3 July 2012
Half of people in England are still dying in hospital and not always receiving the health and social care support they need to allow them to die at home, according to new research released today by the Office for National Statistics (ONS).
New stats support previous research by Macmillan Cancer Support which showed that with the right support 73% of people with cancer would prefer to die in their own home, yet only 27% currently do.
Worryingly the survey of 22,292 bereaved relatives revealed that cancer patients are not receiving the round the clock nursing care they need at home in the last few months of life. Nearly half (46%) of cancer patients received partial or no pain relief whatsoever  and one in three (32%) said that out of hours care was only fair or poor.
Furthermore 43% of people caring for cancer patients reported that they did not receive enough support from health and social care services during the last three months of their loved one’s life.
Gus Baldwin, Head of Public Affairs at Macmillan Cancer Support, says:
“This new research shows that the current system is not providing the vital support cancer patients in the last months of life and their families need, such as social care services and 24/7 nursing care.
“It is vital that the Government uses the opportunity of the forthcoming social care reforms to ensure that people are supported to die at home if they wish to do so. Scrapping the social care means-test for those in the final months of life, as recommended by the Independent Palliative Care Funding Review, would help more people to be discharged from hospital quickly and cared for at home.
“Providing all cancer patients at the end of life with 24/7 community nursing would ensure they have the support they need, at all times day and night, and prevent expensive and unnecessary hospital admissions.”
Macmillan Cancer Support is calling for the Social Care White Paper to support the principle of free social care for all patients who are on an end of life care register.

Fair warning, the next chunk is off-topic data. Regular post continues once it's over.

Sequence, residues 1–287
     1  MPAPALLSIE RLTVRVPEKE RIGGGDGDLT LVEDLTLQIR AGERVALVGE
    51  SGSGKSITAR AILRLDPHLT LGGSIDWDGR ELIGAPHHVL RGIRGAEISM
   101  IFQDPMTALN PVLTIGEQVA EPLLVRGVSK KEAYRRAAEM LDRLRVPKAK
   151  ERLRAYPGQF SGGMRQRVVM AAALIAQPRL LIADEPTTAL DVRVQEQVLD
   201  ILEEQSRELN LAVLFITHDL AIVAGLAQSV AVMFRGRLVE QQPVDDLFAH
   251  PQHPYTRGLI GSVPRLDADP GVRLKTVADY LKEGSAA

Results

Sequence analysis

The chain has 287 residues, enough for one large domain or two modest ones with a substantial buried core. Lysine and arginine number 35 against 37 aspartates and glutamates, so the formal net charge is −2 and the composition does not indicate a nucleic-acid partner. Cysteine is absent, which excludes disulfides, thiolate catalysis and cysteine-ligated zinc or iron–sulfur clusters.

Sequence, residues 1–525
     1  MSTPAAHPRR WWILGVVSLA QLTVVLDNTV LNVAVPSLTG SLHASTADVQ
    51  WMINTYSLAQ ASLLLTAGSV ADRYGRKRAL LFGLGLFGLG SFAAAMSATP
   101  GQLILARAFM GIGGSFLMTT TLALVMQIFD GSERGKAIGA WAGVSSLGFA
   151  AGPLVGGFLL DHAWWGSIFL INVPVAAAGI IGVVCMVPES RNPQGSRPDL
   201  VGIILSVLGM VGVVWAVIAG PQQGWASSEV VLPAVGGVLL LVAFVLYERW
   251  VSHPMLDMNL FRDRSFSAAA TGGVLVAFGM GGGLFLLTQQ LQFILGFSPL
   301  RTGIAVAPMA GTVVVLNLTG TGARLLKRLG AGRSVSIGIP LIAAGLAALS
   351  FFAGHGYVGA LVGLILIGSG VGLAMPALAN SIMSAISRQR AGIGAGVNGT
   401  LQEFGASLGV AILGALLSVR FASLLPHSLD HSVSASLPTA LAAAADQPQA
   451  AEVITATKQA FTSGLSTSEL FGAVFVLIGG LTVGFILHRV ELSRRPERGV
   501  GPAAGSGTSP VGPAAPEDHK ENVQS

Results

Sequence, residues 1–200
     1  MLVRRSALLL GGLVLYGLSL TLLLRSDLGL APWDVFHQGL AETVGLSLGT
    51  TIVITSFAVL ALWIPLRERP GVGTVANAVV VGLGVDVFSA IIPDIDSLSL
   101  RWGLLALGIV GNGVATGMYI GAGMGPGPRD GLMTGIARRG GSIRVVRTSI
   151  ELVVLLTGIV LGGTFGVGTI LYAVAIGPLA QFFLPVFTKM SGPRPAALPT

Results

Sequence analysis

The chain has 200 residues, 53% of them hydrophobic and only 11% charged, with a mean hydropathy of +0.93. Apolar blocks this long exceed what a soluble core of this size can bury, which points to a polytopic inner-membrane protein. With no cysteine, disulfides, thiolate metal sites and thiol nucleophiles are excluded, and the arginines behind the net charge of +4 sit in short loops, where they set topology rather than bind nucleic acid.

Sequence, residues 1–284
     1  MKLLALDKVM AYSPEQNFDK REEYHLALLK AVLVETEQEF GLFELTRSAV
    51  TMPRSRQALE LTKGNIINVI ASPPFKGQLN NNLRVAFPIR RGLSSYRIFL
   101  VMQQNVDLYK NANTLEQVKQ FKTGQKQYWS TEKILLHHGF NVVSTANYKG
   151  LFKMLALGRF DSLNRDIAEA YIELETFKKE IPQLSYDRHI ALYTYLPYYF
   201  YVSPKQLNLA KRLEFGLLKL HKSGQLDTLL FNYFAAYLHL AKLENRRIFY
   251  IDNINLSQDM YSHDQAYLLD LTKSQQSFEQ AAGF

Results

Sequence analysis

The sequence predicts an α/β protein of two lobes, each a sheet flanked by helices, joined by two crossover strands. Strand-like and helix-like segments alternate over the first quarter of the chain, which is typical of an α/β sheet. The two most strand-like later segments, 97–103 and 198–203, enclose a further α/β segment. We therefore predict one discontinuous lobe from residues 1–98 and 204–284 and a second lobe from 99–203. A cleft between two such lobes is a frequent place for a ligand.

For further information, please contact:
Claire Keuls, Media & PR Officer, Macmillan Cancer Support
020 7840 4872 (out of hours 07801 307068)
Notes to Editors:
New research was published today by the ONS on behalf of DH. Office for National Statistics (on behalf of DH) (2012) National Bereavement Survey (VOICES) 2011
(accessed 3 July 2012). Questionnaires were sent out in November 2011 to adults who had registered a death 4-11 months earlier, the majority of respondents were relatives (96%).
Department of Health (July 2012) First national VOICES survey of bereaved people: key findings report http://www.dh.gov.uk/health/2012/07/voices/ (accessed 3 July 2012)
1 For those who expressed a preference, the majority preferred to die at home (71 per cent), although the most commonly recorded place of death was a hospital (53 per cent). The survey also showed that 50% died in hospital and 35% of those dying in hospital said they did not have enough choice about where they died. Office for National Statistics (2012) National Bereavement Survey (VOICES) 2011
(accessed 3 July 2012)
2 Macmillan Feb 2010 online survey of 1,019 people living with cancer; Office for National Statistics. Mortality statistics (2010)
- (Accessed November 2011)
3 When asked about care at home in the last three months of life (Q6) ‘During the last three months of his/her life, while he/she was at home, how well was her pain relieved?’. 55% of respondents for people who died from cancer said completely, all or some of the time, 40% said partially, and 6% said not at all.
4 When asked about quality of care in the last three months and urgent care provided out of hours (Q11) ‘Overall, do you feel that the care he/she got when he/she needed care urgently in the evenings or weekends in the last three months of his/her life was: (Tick one only)…’ 29% of respondents for people who died from cancer said excellent, 39% good, and 32% said fair or poor.
5 When asked about care at home in the last three months of life (Q5) ‘Overall, do you feel that you and your family got as much help and support from health and social services as you needed when caring for him/her?’ – 57% of respondents for people who died from cancer said ‘yes, we got as much support as we wanted’, and 43% said they did not get support or they got some but not as much as they wanted (responses included: ‘Yes, we got some support but not as much as we wanted’, ‘No, although we tried to get more help’ and ‘No, but we did not ask for more help’).
6 Hughes-Hallett, et al (2011), The independent Palliative Care Funding Review
The review recommended that once a patient reaches the end of life stage, and is put on an end of life locality register, all health and social care should be funded by the state and free at the point of delivery.
About Macmillan Cancer Support
Cancer is the toughest fight most of us will ever face. But you don’t have to go through it alone. The Macmillan team is with you every step of the way.
We are the nurses and therapists helping you through treatment. The experts on the end of the phone. The advisers telling you which benefits you’re entitled to. The volunteers giving you a hand with the everyday things. The campaigners improving cancer care. The fundraisers who make it all possible.
You don’t have to face cancer alone. The Macmillan team is here to support you every step of the way. For more information visit www.macmillan.org.uk
or call 0808 808 00 00.